Angela Merkel’s Christian Democrats party (CDU) romped to a convincing victory in Germany’s general election Sept. 22. They won more than 40 per cent of the vote in Europe’s most populous country. As ScribbleLive works with some of the country’s most respected media organisations, there are some great examples of our clients using the platform to report election night news.
In this Spotlight, we’re bringing together some of the interesting ways that media—both German and international—used the platform to keep readers abreast of the election.
Spiegel Online’s editorial team gave its readers a full-blown real-time experience as the election results rolled in. The slick ‘liveticker’ (made with Scribble’s API) provided a steady stream of information throughout the day with the latest polling figures, reaction from the parties and posts from social media. Its coverage also stood out because of the video live stream that sat on top the page. Some of the time, the video feed showed the speeches at the various parties’ HQs, but the rest of the time it was trained on Spiegel’s editorial department, where its journalists were discussing and analysing all the action. A fantastic multimedia approach.
Süddeutsche managed to strike a very fine balance between reporting the macro and micro angles of election day. They had reporters at all the relevant party conferences who were working collaboratively to update the live event with all the expected facts, figures and statistics. But they also made the effort to tell the human story behind the votes. One of the journalists followed a young, first-time voter throughout the day, from his kitchen where they discussed politics to the voting booth and back home again. The previous election saw a historically low turnout among young voters, and SZ felt that although they only made up three per cent of the eligible population, their voices needed to be heard. A really nice touch.
FAZ committed a number of bodies from its editorial team to work on the live election coverage—and it shows. The coverage is characterised by longer analytical posts and includes many pictures and graphs. It’s important to note their intelligent use of social media, too. They pulled in interesting content from Twitter, but rather than simply publishing tweets raw, they added them to Advanced Posts and provided context to the social updates.
Mittelbayerische created an election home page to host all the information that was flowing throughout the day. The page consisted of real-time graphs and infographics, relevant articles and, on the right hand side, the ScribbleLive feed. Its feed had a good mix of content, from reaction to analysis and a smart use of mobile video reporting. For readers who wanted to focus solely on the feed, they could click through and be taken to Mittelbayerische’s white label page. A special mention goes to the German press agency, DPA, who syndicated their excellent election feed out via ScribbleLive – which was picked up by organisations including Mittelbayerische, who used it to supplement their own coverage.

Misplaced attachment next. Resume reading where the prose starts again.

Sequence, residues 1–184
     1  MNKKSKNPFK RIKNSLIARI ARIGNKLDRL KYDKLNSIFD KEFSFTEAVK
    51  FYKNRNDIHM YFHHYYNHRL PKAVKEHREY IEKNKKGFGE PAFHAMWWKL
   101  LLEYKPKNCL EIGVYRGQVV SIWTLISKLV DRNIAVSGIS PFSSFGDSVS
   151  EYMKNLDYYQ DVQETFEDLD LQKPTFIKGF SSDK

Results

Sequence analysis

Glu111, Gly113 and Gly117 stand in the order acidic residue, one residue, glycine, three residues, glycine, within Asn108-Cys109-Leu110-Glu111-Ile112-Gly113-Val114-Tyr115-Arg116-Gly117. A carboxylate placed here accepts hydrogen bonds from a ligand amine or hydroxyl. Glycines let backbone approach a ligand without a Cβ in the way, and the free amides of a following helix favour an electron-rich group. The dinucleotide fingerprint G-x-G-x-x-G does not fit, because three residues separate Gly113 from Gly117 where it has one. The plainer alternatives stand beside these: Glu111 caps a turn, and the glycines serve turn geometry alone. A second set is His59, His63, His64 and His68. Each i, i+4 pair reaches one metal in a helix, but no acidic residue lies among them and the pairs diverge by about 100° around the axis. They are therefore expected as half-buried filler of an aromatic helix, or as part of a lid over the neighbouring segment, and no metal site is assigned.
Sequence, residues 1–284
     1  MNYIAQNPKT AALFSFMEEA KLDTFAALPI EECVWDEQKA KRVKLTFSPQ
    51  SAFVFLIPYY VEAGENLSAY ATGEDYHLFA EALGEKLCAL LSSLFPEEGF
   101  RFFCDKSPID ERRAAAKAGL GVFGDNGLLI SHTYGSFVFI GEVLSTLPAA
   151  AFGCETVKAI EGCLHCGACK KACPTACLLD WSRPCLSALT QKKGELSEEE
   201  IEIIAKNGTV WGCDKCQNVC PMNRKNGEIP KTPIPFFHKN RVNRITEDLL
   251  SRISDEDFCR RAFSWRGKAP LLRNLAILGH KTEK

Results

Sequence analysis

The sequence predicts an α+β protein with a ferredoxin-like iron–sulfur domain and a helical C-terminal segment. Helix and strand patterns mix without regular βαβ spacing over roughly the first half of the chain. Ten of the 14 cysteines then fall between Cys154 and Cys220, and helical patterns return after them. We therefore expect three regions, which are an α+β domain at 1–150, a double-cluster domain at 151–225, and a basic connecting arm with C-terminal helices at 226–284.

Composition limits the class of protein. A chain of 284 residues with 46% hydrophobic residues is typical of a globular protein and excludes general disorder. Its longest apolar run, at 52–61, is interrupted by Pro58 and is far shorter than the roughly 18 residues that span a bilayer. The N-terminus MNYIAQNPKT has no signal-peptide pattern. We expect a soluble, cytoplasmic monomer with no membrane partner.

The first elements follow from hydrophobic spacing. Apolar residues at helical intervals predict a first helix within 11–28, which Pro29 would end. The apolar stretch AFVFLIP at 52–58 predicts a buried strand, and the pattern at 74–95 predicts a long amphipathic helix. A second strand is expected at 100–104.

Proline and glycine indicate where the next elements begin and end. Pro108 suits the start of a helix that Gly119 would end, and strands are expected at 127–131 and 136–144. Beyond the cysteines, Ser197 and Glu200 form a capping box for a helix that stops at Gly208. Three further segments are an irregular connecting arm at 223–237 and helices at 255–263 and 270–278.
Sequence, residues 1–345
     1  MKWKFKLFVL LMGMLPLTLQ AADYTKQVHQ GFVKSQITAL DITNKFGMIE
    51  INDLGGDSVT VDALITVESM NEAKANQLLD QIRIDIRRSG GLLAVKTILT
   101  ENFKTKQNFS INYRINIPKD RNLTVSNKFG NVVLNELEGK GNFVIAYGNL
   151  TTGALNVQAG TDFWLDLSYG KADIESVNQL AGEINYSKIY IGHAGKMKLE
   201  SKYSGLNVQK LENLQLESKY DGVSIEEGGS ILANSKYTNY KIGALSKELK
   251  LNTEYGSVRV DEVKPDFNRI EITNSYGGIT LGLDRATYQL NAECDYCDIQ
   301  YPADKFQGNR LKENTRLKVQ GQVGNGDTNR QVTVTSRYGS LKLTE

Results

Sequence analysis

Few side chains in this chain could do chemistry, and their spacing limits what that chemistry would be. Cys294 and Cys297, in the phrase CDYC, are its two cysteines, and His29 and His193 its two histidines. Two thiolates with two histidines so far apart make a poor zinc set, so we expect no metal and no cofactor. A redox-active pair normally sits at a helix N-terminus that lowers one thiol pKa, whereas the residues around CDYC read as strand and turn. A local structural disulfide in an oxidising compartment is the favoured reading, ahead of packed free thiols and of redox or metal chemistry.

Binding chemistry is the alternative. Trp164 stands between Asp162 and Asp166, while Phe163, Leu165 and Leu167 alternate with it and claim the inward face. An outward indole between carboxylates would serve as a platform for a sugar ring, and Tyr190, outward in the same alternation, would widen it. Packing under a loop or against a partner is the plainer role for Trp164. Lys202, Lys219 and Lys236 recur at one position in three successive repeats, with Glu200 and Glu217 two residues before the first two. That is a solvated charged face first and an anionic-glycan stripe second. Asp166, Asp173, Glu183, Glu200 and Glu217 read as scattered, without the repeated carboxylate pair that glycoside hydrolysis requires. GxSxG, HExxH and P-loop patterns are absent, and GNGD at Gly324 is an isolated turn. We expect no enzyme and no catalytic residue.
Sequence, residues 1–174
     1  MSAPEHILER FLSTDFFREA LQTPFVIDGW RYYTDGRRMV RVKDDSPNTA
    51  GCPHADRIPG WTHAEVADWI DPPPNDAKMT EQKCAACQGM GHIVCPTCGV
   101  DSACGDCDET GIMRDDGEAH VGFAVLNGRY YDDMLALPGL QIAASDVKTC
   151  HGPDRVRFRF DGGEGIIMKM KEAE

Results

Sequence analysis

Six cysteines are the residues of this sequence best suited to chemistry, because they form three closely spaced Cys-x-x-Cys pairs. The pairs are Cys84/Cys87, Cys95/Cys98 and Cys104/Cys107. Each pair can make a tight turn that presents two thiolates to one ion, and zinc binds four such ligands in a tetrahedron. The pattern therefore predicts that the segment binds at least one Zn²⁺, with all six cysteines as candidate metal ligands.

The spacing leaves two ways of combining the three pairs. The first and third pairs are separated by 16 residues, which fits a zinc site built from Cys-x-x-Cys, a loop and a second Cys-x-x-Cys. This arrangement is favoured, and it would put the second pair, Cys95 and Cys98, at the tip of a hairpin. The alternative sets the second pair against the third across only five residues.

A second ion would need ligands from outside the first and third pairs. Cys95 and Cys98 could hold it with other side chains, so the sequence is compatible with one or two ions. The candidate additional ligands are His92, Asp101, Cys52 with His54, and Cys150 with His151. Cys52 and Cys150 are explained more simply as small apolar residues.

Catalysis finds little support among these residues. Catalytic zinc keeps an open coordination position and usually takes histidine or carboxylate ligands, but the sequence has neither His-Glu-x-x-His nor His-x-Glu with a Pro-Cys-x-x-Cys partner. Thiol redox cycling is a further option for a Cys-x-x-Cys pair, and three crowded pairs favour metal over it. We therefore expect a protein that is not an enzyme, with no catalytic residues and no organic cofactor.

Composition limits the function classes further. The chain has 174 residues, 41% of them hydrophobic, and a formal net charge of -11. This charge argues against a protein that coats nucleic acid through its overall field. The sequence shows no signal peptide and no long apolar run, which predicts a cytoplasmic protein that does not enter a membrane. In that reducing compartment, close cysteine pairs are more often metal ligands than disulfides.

Mitteldeutscher Rundfunk, part of the German national broadcaster ARD, went for a second-screen approach with its live coverage. The live broadcast of its TV coverage—where a number of guests discussed the action on the ‘Election Studio’—lived on the Elections page. The MDR ScribbleLive feed was on the right side, bringing together the key information from the election as well as the voice of its readers through social media and Scribble comments. To make it clear it was interactive, MDR published a call to action on the page inviting its readers to take part.
Stimme, a regional publication from Heilbronn in the south of the country, had a hyper-local approach to the election. It focused entirely on the local voting centre and published a slew of photos of the action as it took place. With its reporters on the ground, the readers got behind-the-scenes coverage of the electoral process.
This event from Austrian website, Die Presse (also created using the API) had an interactive approach to the election coverage. Beyond the reporting of facts and figures they encouraged readers comments and the coverage benefits from the discussions that take place beneath particular posts.
ARTE took a different route for election day. Rather than simply report from the party conferences, it took to the streets to speak to citizens and get their opinions as the votes were coming through. It had two reporters roaming the streets of Berlin taking photos and interviewing locals—there was a fun element to the coverage and a light tone throughout. A special mention to the inventive use of Vine.
As is to be expected, Reuters provided excellent analysis in their election coverage. Their reporters highlighted the historical context and insight into the logistics of the German political machine. The feed also greatly from the large quantity of high quality real-time videos that were published throughout the coverage. Interestingly, the journalists also revealed a little bit about how Reuters goes about producing their coverage, revealing that they had four photographers and three remote cameras in place at the CDU’s party conference, for example.
We all know that the endless election trail can wear a little thin for readers sometimes and that’s why it’s not a bad idea to offer your readers a little light relief.
In a move to dispel the stereotype of Germans having no sense of humour, CNN created a live event filled with the memes that have been emerging from the election. Steinbrück’s middle finger and Merkel’s ubiquitous hand gesture bore the brunt of the jokes.
Eins Live event was published just after the finger incident (see above) and they also rounded up the best memes from around the web.